The packaging for the “transferable gold scars” bears the description “flaws worth fighting for” but many shoppers are angry that the retail giant appears to be glamorising self-harm and mental illness.
The temporary scar tattoos are part of a “statement” collection created in collaboration with jewellery design student Lucie Davis from London art school Central Saint Martins. Less controversial designs in the collection include gold freckles and moles.
“Living in the age of Photoshop and airbrushing tools, skin is always under pressure to be ‘perfect’,” Topshop said in a statement promoting the range. “Lucie’s designs aim to leave a lasting impression by ultimately encouraging a greater appreciation and ownership of ourselves; highlighting imperfections and celebrating adversity.”
Unfortunately plenty of customers don't agree.
“Disgusted with @Topshop and their temporary 'scar' tattoos. Self harm is not a fashion trend & mental ill health is not a designer label (sic),” Twitter user Holly McCormack posted, while another angry customer, Juliette Rogers, wrote: “the fact that topshop is selling fake scar tattoos like they're a f****** accessory is disgusting (sic).”
Leanne Woodfull added: "@topshop As a past self-harmer, I find you 'scar tattoos' offensive, triggering and insensitive. Beyond disgusted as a longtime customer (sic)."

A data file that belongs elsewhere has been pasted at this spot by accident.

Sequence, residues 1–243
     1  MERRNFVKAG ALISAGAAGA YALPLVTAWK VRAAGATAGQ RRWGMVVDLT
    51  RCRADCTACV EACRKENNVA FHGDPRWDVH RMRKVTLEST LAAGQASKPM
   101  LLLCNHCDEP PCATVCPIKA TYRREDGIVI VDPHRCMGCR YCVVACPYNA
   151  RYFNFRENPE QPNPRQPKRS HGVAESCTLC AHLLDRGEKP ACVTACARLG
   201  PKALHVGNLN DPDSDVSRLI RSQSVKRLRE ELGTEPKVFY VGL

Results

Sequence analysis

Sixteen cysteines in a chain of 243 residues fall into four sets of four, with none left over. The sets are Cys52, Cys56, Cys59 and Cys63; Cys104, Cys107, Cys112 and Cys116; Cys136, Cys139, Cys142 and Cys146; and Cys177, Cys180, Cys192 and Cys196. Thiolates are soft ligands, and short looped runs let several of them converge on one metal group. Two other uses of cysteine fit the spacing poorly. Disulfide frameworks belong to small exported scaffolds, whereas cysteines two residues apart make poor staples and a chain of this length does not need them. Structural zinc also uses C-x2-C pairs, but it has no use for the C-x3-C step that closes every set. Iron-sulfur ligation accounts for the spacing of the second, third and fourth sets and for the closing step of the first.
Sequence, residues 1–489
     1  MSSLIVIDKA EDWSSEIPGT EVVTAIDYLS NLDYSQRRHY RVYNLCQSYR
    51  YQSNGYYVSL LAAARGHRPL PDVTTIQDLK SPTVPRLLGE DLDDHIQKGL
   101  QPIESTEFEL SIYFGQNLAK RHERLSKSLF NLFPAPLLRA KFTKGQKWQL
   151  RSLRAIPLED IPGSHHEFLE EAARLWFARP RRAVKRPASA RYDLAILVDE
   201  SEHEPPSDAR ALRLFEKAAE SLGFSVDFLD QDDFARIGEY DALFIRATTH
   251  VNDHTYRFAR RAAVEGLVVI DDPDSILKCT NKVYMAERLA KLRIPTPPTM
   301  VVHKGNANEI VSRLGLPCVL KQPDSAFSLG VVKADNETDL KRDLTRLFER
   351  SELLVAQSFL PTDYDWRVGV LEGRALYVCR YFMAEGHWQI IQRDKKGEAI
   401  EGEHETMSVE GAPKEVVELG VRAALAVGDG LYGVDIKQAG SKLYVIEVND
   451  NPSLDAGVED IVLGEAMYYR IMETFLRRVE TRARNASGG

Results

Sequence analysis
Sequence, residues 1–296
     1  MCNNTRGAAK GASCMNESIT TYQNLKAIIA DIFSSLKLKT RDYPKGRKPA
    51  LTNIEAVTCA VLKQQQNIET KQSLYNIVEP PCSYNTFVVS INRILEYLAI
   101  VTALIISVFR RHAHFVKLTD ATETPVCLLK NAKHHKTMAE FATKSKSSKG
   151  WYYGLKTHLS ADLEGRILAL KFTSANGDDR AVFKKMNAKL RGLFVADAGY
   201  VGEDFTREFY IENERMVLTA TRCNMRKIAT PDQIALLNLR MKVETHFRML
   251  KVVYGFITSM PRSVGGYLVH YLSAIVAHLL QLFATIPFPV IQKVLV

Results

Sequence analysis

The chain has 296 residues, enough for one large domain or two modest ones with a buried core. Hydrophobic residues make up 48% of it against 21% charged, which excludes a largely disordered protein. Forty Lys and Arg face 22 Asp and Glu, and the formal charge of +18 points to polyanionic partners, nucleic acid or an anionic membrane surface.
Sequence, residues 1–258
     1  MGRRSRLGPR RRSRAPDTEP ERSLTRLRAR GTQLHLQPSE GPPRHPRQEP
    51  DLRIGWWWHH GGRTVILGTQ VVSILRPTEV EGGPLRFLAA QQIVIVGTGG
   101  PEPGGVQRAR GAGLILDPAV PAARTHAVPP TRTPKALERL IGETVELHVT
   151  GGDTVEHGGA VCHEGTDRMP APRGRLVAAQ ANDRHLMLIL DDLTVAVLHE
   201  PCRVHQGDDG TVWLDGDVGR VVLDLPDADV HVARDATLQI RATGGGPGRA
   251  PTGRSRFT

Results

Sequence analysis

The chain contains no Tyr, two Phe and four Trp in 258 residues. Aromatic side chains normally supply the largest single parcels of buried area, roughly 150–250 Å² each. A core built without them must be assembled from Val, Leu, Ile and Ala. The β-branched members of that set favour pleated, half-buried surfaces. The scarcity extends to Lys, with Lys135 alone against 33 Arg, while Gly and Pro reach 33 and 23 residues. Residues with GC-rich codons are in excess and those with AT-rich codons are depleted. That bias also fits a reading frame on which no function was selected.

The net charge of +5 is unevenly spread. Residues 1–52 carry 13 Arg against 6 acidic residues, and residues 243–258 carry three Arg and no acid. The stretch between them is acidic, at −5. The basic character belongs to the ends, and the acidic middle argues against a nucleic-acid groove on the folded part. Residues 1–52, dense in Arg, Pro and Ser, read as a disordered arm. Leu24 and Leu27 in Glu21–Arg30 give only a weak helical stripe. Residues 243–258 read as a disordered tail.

Lucas Shelley from Oxford started a Change.org petition calling for the product to be removed from sale, saying: “Topshop should not be normalising self harm or presenting it as a fashion trend. Not only is the glamorisation of self injury dangerous for the mainly teenage demographic but harmful for others who have struggled with self harm and see what for them, is a painful reminder being presented as acceptable — as long as its temporary and elegant (sic).”
Topshop responded quickly to the backlash, removing the scar tattoos from all stores and Topshop.com. Good news, insofar as retailers are finally realising that customers have a voice, which in the age of social media simply cannot be ignored. As was the case with another fashion brand recently, when Next bowed to pressure from customers and removed its controversial “Happy girls are the prettiest” T-shirt from sale.
To give Topshop the benefit of the doubt it clearly had the best of intentions. A range of accessories that promotes “self-love” has to be applauded. However including scars alongside freckles and moles belittles the struggles that those who self-harm go through. Turning scars into temporary gold tattoos suggests that at best self-harming is merely a trend or, at worst, something to aspire to. The message that mental health is less important than looking good isn't one that any forward-thinking retailer should be supporting.
Perhaps Topshop should stick to what it’s good at — selling clothes — and leave mental health to those who know what they're doing.
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